Louisa: Weeks 40 & 41

Week 40

It was a low-key sort of week, as both kiddos got a cold that kept us huddled in. I’d feel bad about them getting sick, except that it’s the first illness we’ve had all YEAR, so at least that’s something. Nico got a number of colds and viruses in his first year, so it’s pretty incredible that Louisa managed to go 9 months relatively germ-free.

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But the cold did mess up sleep routines, and while he slept more, she actually slept less – her daytime naps were all over the place and quite short; except for the massive restorative nap she had that pretty much cleared her sinuses and made her better.

Nico’s cold still lingers while hers is pretty much cleared up; but that’s normal – she’s breastfeeding after all, so she’s getting all those amazing live white blood cells to power through the illness.

(hah, sorry for the PSA-type sentence there, I just think about it all the time, especially when they’re sick, how amazingly fortunate we are to have been able to breastfeed so successfully).

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Anyway, that’s that for week 40.

Week 41

This week has been all about MORE! More teeth (the two top front ones), more smiles and giggles, more awareness and interaction with Nico, and MORE movement! This girl is on the go!!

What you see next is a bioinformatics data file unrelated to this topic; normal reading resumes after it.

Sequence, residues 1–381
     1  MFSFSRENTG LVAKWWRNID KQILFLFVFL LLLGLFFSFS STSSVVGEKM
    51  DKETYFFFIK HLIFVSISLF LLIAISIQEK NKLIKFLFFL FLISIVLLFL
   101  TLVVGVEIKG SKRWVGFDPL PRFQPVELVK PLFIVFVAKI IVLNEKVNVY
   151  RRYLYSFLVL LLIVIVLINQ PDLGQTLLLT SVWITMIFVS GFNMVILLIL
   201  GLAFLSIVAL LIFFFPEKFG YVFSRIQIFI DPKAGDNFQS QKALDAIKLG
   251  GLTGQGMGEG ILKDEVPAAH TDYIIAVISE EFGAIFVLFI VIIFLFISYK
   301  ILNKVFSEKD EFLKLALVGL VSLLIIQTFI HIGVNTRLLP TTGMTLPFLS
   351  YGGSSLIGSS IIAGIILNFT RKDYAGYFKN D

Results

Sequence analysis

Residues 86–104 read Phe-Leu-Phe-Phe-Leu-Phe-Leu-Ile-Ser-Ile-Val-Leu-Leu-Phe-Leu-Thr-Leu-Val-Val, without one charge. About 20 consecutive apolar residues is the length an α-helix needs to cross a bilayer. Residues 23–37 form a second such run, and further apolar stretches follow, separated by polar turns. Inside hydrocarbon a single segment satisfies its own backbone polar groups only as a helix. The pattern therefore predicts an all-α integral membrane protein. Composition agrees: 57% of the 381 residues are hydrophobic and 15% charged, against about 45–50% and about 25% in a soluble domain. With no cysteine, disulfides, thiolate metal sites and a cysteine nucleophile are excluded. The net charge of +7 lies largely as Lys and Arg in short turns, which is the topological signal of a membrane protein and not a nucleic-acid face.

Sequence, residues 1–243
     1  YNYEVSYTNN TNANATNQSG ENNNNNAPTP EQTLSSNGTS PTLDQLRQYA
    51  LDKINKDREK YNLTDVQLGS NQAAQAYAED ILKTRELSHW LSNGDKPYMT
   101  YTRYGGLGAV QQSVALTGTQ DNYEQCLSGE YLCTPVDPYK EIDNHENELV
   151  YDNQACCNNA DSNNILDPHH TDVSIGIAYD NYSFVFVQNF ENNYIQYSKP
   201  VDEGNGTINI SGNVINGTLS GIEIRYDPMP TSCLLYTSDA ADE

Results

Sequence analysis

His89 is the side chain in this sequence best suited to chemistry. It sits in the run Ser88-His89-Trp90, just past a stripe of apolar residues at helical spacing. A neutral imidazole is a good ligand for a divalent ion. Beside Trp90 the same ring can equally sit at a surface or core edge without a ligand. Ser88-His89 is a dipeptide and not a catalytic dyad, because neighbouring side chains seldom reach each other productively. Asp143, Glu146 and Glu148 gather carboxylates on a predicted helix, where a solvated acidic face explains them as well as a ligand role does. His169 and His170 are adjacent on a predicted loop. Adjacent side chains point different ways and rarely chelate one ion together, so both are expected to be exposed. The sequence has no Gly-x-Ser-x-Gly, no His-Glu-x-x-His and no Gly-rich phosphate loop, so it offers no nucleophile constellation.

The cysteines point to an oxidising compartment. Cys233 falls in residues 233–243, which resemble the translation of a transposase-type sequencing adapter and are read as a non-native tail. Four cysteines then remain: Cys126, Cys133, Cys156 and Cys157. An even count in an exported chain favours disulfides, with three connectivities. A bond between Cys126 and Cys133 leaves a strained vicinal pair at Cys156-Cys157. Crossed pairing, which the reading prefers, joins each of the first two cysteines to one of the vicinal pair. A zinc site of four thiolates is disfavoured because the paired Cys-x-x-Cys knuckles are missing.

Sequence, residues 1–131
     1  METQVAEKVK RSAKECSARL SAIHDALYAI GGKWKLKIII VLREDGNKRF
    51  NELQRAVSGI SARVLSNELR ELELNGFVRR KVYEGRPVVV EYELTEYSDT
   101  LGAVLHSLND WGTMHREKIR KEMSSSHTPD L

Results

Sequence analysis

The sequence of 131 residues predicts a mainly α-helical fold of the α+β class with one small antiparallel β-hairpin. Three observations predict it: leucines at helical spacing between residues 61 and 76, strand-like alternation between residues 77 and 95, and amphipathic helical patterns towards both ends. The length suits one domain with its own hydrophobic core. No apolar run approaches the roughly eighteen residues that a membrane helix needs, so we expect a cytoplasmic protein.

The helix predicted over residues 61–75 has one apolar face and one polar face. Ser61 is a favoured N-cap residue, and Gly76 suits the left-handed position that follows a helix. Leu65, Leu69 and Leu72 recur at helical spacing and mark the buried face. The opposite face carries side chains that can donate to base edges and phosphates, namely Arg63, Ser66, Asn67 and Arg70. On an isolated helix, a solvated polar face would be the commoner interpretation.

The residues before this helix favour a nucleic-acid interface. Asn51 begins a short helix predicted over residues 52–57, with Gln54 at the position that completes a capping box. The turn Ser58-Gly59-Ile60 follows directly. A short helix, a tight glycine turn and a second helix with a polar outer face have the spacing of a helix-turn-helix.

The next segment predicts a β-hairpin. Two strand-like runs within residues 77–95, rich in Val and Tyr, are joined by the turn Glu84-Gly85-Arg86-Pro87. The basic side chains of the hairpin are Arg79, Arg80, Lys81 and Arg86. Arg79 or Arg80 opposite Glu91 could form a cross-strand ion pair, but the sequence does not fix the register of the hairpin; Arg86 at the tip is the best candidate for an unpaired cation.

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Louisa seems tall to me, but maybe that’s because she now spends most of her waking hours standing up. She loves the new vantage point, and she’s pretty able when it comes to cruising. She can walk with the assistance of Nico’s Thomas or her high chair, and I feel it won’t be long before she’s walking on her own. She just wants it so badly, you know?

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Update: We went to playgroup today, and Louisa took her first unassisted step there!!!! OMG, I can’t believe my 9 1/2 month old “walked” all on her own. She is completely comfortable standing on her own, and she has been practicing stepping for a while. Finally it all came together and she showed off her moves at playgroup. Hooray!

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As for food, I think I mentioned this before, but purees are a thing of the past. The girl wants to eat what we eat. It’s made mealtimes super simple, and now that Nico’s on board to eat what we eat (which is working out maybe 65% of the time)  we’re feeling some relief in terms of meal prep.

But sleep, that one still evades us. Louisa had one of the worst nights of her life this week (but maybe it’s related to the walking breakthrough? Who knows). I just wish we could get past the 2.5 hour rut that we’re in. I know she can sleep for longer than that, but she just… doesn’t. It’s very hard.

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Aside from our wakeful nights, life with Louisa is super delightful. She is animated and active, loud and funny, happy and warm. She pulls me close with her hands and gives me huge open-mouth kisses. She crawls up to me and nuzzles her head into my chest. She babbles all the time and loves her brother’s antics.